I loved this book. Quindlen offers a beautifully written story about the strength of a woman and her undying love for her family. The novel revolves around Mary Beth, the mother and narrator, Glen, her husband, and their children Ruby, Alex and Max. There were a few other non-family characters that figured prominently in the story as well as a host of other minor characters. The story was appealing because the family was so ordinary and the tragedy was so extraordinary.
I knew something bad was going to happen by reading the inside of the dustcover. At first, I was a little distracted wondering when this unknown was going to happen. However, I soon settled into the story and loved all of the characters I was reading about. Then all of a sudden "it" happened. I felt like I’d been punched in the stomach and hit over the head with a rock. I think I even said "NO!" out loud. I didn’t think it was possible, but it was worse than I had imagined. I had to read that section twice to make sure I understood what had happened.
All of the characters were great, but my favourite was Mary Beth. My heart really ached for her in the second part of the book. She was totally lost in her grief, yet she didn’t give up. It was interesting to see her thoughts and actions after her life was basically turned upside down. Quindlen did a great job in portraying all of that. I can’t really be sure of how I’d act in this situation, but I bet I would not have done as well as Mary Beth.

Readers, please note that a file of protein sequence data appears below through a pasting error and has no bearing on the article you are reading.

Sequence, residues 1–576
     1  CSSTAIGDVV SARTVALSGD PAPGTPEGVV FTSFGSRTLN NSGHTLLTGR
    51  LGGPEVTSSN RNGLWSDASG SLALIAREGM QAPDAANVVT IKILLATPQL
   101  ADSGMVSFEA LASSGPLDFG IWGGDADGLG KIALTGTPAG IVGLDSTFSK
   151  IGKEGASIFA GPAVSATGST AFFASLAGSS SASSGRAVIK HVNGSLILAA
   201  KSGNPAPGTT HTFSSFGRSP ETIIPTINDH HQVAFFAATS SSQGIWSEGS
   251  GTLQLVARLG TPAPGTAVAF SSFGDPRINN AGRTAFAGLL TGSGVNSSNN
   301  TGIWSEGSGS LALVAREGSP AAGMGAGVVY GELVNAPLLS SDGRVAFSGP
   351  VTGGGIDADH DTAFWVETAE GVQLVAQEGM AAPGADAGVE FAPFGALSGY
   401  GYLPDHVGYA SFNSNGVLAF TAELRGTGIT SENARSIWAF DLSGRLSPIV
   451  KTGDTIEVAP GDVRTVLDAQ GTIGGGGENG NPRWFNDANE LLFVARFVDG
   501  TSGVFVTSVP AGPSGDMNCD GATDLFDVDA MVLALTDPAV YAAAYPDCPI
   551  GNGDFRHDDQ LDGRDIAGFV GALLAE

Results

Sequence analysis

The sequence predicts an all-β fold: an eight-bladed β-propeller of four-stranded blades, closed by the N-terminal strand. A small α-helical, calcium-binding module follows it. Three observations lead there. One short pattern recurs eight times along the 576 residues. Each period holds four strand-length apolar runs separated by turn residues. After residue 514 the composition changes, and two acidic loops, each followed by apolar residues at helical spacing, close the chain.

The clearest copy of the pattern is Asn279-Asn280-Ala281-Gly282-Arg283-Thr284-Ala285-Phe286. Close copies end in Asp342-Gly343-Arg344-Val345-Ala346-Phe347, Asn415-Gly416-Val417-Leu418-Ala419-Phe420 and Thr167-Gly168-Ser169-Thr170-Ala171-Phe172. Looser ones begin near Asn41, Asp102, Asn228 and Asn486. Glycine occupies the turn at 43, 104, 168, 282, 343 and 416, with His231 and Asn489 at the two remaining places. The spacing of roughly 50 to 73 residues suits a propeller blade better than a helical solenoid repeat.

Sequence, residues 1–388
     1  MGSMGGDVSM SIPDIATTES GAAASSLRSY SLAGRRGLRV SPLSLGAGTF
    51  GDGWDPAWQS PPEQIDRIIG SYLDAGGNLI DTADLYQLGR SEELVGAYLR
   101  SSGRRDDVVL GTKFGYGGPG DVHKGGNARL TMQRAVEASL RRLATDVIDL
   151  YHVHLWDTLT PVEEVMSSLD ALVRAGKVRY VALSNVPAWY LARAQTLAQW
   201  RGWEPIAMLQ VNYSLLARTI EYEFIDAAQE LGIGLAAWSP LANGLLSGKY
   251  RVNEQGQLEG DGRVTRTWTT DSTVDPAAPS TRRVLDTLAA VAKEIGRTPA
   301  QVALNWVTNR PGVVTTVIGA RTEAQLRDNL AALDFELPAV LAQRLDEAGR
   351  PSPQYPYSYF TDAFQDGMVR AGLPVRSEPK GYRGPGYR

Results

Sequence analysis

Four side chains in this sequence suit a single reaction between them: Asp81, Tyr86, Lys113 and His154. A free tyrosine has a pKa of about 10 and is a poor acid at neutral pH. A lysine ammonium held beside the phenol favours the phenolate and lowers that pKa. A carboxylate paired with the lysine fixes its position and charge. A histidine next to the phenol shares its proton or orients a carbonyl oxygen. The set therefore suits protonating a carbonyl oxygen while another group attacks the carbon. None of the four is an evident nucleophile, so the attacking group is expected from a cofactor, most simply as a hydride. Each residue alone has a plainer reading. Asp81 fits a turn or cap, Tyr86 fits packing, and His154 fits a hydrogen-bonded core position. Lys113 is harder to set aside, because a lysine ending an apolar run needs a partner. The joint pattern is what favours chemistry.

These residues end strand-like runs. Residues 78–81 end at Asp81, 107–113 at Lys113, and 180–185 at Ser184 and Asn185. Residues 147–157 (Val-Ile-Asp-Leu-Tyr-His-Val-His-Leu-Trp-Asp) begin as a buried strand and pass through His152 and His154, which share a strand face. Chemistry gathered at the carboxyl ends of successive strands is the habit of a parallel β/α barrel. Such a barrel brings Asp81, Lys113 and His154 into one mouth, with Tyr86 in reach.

This is another book featuring twins; that makes the third one in a row for me. The other two are: The Opposite of Me by Sarah Pekkanen and The Wild Irish Sea by Loucinda McGary. This was totally unplanned. While I think it was interesting to see the different relationships (because I am a twin), I tend to shy away from books featuring twins or multiples. Anyway, I hope that’s the end of this streak for now.
...is a novel about facing every last one of the things we fear the most, about finding ways to navigate a road we never intended to travel, and about living a life we never dreamed we’d have to live, but find ourselves brave enough to try. (from the dustcover)
In the twin relationship, issues of difference can be even more significant than issues of sameness. (page 109)
...in some peculiar and shameful way I think of my sons as two halves of a single whole, as though they were Siamese twins inextricably joined together by their differences.(page 59)
I've also read Blessings and Black and Blue by this author. I liked them both.
For more information about this book or to browse and search inside, please visit the Random House website.
For more information about the author and her other books, please visit Anna Quindlen's website.
I'd like to thank those nice people at Random House for this review copy.
Every Last One: A Novel by Anna Quindlin, Random House, ©2010. ISBN 9781400065745(Hardcover), 299p.